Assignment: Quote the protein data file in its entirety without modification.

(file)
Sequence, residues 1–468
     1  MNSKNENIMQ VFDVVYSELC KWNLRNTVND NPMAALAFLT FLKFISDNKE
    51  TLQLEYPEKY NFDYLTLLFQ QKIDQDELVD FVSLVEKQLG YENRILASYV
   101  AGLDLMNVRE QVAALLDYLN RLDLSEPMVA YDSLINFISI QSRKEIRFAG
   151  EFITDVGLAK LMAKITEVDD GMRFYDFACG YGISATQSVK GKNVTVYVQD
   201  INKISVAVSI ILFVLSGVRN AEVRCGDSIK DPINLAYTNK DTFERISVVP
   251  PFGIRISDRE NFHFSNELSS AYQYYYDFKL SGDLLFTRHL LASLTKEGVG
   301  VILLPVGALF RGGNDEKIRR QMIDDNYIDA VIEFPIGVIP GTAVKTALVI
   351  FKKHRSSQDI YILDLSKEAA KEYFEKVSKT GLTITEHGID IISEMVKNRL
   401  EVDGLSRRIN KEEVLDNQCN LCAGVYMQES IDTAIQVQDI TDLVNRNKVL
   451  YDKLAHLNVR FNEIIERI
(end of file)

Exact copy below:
Sequence, residues 1–468
     1  MNSKNENIMQ VFDVVYSELC KWNLRNTVND NPMAALAFLT FLKFISDNKE
    51  TLQLEYPEKY NFDYLTLLFQ QKIDQDELVD FVSLVEKQLG YENRILASYV
   101  AGLDLMNVRE QVAALLDYLN RLDLSEPMVA YDSLINFISI QSRKEIRFAG
   151  EFITDVGLAK LMAKITEVDD GMRFYDFACG YGISATQSVK GKNVTVYVQD
   201  INKISVAVSI ILFVLSGVRN AEVRCGDSIK DPINLAYTNK DTFERISVVP
   251  PFGIRISDRE NFHFSNELSS AYQYYYDFKL SGDLLFTRHL LASLTKEGVG
   301  VILLPVGALF RGGNDEKIRR QMIDDNYIDA VIEFPIGVIP GTAVKTALVI
   351  FKKHRSSQDI YILDLSKEAA KEYFEKVSKT GLTITEHGID IISEMVKNRL
   401  EVDGLSRRIN KEEVLDNQCN LCAGVYMQES IDTAIQVQDI TDLVNRNKVL
   451  YDKLAHLNVR FNEIIERI